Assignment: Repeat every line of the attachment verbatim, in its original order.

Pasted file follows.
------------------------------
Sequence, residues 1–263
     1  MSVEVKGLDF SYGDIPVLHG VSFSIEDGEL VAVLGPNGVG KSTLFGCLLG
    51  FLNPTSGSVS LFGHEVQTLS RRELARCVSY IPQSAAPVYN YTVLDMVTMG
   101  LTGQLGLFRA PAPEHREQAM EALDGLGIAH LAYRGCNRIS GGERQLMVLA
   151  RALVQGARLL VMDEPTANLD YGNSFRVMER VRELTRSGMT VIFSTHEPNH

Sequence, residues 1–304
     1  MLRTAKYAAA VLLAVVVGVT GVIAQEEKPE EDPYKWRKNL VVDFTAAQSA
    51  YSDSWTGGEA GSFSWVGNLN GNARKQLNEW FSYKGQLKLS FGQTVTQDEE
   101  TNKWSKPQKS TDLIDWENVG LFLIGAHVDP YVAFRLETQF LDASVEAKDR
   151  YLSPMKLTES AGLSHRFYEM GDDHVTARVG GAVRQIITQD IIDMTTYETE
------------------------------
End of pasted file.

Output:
Sequence, residues 1–263
     1  MSVEVKGLDF SYGDIPVLHG VSFSIEDGEL VAVLGPNGVG KSTLFGCLLG
    51  FLNPTSGSVS LFGHEVQTLS RRELARCVSY IPQSAAPVYN YTVLDMVTMG
   101  LTGQLGLFRA PAPEHREQAM EALDGLGIAH LAYRGCNRIS GGERQLMVLA
   151  RALVQGARLL VMDEPTANLD YGNSFRVMER VRELTRSGMT VIFSTHEPNH

Sequence, residues 1–304
     1  MLRTAKYAAA VLLAVVVGVT GVIAQEEKPE EDPYKWRKNL VVDFTAAQSA
    51  YSDSWTGGEA GSFSWVGNLN GNARKQLNEW FSYKGQLKLS FGQTVTQDEE
   101  TNKWSKPQKS TDLIDWENVG LFLIGAHVDP YVAFRLETQF LDASVEAKDR
   151  YLSPMKLTES AGLSHRFYEM GDDHVTARVG GAVRQIITQD IIDMTTYETE